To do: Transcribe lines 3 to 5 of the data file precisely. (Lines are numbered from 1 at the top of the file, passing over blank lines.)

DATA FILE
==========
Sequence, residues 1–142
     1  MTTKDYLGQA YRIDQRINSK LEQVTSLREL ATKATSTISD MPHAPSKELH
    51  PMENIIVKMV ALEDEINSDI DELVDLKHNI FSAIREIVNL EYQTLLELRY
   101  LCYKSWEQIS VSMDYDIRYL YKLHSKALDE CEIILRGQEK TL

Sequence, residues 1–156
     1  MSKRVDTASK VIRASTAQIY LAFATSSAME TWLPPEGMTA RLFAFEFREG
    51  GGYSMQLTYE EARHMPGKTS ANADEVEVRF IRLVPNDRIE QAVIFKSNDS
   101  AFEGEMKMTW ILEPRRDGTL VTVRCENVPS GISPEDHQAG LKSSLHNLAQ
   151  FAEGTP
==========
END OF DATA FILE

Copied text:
    51  PMENIIVKMV ALEDEINSDI DELVDLKHNI FSAIREIVNL EYQTLLELRY
   101  LCYKSWEQIS VSMDYDIRYL YKLHSKALDE CEIILRGQEK TL

Sequence, residues 1–156